A particular group on a prominent site felt that SNPx2 was not the way to win an election. Even now there is still controversy over whether that was what led to the loss of a majority for the SNP in the May election. But they pushed that SNP/Green idea until the cows came home, in spite of how others saw it. And whether we agreed or not, we had to suck that up. And – that was their right. Just as it is the right of Inform Scotland to decide on billboards. The crowdfunder was more than subscribed, so I’m thinking many people agree with that idea. I personally feel if it’s cleverly done, it’s as good an idea as any other idea I have seen lately. (But you know what? Those alternative ideas have actually been few.)

    But what I DON’T think is a good look, is this continual carping about how a particular group is ‘doing it wrong’. How one ‘yes’ group (or three) thinks they have the right to determine whether ‘Inform Scotland’ is right or wrong. Yes, everyone has the right to an opinion but carrying it on and making a big deal of it as has happened on Facebook and Twitter only shows no cohesion in what ‘yes’ are saying, no cohesion in what ‘yes’ stand for, thus making the whole independence argument look unstable, run by people who cannot work together. Is THAT the image ‘yes’ wants to portray? Is that image going to bring ‘no’ voters around? I don’t think so… At least Inform Scotland have come up with an idea, have gotten the money to do it, and are taking that idea forward. All I see everywhere else is just… talking…

    What do I mean by ‘just talking’? But foot soldiers are out, badges are being mailed out, yada, yada… Yep… all good stuff – when it works! I just received a polling card this morning for an election being held here in two weeks. I HAD NO IDEA there was an election here! I have NO idea who is leaving their post, whether it’s Council or MP, who the ’other’ candidates are, who the potential SNP councillor/member will be… No ‘grass roots’ doorstep caller, NO leaflets – NOTHING. Now when I get to the polling booth, I know what to look for (that SNP logo) but – for someone who doesn’t know how they are going to vote, I say… are the SNP foot soldiers doing anything to convince them? The SNP group here have our number, they know they can call on us to get leaflets out – haven’t had a call… why not? Hence I feel very comforable being able to say at least Inform Scotland ARE actively doing something!

    PS: As someone who has worked extensively with elderly folks, let me put this ‘out there’… This is a group of citizens whom everyone feels to be one of the main group that don’t vote SNP. Well… elderly folks (and those in Care Homes) don’t go out much – they can’t be bothered, their arthritis makes it difficult, they’d rather not have to listen to grandchildren’s raucous play,but MAINLY the biggest problem is often no family comes to take them out. These elderly souls ARE however collected by supporters of political parties and taken out to vote. Guess what all these older people do when they are NOT out gallivanting? They sit and watch TV – MOSTLY BBC! They’ll sit and watch the news “to keep up with what’s going on, seeing they don’t get out much”. Now – these are the very people you want to convince to vote ‘yes’? Well guess what you have to do to get that unionist, ‘we’re all in this together’ propaganda out of their heads… Yep – I get it. They aren’t out, they won’t see the billboards. But the fact is, SOMETHING has to be done about getting the message out to them because THEY are watching BBC & taking it all in like a sponge… and voting accordingly… ??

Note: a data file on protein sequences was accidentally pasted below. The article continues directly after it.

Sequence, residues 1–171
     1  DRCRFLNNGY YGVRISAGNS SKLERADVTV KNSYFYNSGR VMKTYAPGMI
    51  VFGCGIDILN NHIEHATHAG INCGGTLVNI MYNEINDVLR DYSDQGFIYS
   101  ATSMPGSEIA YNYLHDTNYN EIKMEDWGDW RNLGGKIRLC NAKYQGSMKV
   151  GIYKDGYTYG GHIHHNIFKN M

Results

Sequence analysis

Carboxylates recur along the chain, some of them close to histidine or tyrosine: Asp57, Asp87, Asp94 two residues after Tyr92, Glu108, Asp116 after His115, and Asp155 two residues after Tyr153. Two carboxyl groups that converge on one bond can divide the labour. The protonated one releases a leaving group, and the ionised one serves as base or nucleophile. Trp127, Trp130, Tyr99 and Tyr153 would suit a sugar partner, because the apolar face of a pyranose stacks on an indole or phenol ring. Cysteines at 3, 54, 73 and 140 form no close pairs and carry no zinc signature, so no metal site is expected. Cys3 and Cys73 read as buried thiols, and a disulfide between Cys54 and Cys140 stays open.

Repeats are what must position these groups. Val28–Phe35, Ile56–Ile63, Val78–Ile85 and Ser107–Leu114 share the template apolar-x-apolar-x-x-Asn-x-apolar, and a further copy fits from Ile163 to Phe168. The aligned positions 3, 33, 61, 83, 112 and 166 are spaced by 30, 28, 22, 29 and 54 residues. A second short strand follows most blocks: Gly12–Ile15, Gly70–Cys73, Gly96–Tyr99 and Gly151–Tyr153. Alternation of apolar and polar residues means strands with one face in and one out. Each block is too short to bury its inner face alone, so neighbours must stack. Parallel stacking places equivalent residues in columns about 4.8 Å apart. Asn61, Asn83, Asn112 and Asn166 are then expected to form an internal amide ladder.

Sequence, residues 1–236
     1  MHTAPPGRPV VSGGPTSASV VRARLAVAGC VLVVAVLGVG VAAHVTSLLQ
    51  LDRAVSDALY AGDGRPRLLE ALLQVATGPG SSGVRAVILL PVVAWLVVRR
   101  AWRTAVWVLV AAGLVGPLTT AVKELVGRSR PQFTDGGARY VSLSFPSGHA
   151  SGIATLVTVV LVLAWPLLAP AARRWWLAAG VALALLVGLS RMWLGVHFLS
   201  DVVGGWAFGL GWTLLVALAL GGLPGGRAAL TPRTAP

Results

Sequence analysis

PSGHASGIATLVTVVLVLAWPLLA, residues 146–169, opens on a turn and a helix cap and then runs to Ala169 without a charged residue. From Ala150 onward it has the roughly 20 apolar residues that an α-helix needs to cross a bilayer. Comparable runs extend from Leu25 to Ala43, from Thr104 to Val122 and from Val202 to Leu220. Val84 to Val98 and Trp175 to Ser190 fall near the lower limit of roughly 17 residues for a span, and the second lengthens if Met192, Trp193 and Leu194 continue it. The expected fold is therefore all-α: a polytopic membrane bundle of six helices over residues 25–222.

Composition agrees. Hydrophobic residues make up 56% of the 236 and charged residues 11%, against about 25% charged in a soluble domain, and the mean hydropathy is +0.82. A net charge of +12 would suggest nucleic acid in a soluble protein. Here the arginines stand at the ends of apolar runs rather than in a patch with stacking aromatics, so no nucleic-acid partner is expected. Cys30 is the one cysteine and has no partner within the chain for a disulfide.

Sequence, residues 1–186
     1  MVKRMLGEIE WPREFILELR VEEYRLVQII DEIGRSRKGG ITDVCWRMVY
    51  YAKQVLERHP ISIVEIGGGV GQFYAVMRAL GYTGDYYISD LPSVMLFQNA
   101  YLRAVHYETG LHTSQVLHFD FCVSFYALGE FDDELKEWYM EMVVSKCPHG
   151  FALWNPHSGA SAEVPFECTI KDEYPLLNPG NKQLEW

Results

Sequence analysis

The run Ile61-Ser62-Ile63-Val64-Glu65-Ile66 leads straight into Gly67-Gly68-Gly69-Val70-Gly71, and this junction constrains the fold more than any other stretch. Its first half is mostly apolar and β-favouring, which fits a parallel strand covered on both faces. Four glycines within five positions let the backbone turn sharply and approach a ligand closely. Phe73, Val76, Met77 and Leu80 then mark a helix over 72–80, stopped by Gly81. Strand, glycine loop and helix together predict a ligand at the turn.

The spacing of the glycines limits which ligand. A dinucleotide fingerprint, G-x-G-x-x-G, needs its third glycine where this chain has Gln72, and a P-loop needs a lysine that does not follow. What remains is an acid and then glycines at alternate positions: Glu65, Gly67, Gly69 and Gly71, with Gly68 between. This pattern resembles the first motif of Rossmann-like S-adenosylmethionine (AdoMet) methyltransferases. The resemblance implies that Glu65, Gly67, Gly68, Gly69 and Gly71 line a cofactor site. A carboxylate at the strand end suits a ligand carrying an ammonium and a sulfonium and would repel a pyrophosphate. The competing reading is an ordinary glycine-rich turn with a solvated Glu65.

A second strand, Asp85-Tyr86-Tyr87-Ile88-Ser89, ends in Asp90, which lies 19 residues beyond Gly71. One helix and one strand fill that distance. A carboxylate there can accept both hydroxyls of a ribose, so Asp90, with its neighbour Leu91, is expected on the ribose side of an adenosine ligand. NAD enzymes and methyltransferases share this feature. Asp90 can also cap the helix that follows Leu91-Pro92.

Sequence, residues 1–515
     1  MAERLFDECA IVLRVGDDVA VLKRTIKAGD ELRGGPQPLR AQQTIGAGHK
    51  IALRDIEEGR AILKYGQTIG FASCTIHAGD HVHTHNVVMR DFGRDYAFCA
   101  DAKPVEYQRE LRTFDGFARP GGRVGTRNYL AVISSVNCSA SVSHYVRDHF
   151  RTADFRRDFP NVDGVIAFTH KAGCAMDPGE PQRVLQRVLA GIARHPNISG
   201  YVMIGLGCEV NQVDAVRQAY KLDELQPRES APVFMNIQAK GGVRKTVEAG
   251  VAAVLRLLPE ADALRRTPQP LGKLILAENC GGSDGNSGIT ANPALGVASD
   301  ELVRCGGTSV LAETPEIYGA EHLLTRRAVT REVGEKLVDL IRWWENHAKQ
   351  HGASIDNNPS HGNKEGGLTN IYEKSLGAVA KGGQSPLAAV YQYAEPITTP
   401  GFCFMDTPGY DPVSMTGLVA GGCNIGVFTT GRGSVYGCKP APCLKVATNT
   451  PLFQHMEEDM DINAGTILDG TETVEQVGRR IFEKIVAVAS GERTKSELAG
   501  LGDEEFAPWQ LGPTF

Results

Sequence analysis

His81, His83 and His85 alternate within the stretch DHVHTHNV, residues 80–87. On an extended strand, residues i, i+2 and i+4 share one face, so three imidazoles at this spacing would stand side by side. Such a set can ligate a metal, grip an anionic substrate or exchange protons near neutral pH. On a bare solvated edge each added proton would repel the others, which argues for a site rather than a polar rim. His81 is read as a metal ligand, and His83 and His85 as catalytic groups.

10. millie

    I think it may be a generation thing- though I may be wrong.

    For example, the young people- like the one you’ve quoted above who gives ‘non-constructive’ criticism by referring to ‘frothing paranoid d…….’!

    Currently, if these young people didn’t have access to social media or the internet- would ‘they’ believe what they are being told by the BBC? Would they just accept BBC reporting as fact?

    I’d be interested to know where these young people were in 2008/9, when there was very little social media available, when some people on here were actively trying to get people to question some of the output from the BBC. Were they around and aware, when people in Scotland were being blocked from leaving comments on BBC Political Blogs in Scotland- this did not happen in England, Wales, or N Ireland?

    Are they aware the effort it took for those who set up the Newsnet Scotland site at a time when it was deemed ‘not acceptable’, ridiculed and undermined by MSM?

    Many people are in a situation that they have ‘no’ access whatsoever to the internet. They believe every word that is broadcast by BBC Scotland. I’d imagine the people behind the billboards understand this and feel that BBC misinformation has got to be pointed out – (some subtle but concise poster creations by ‘indy poster boy’ would be good to see on billboards).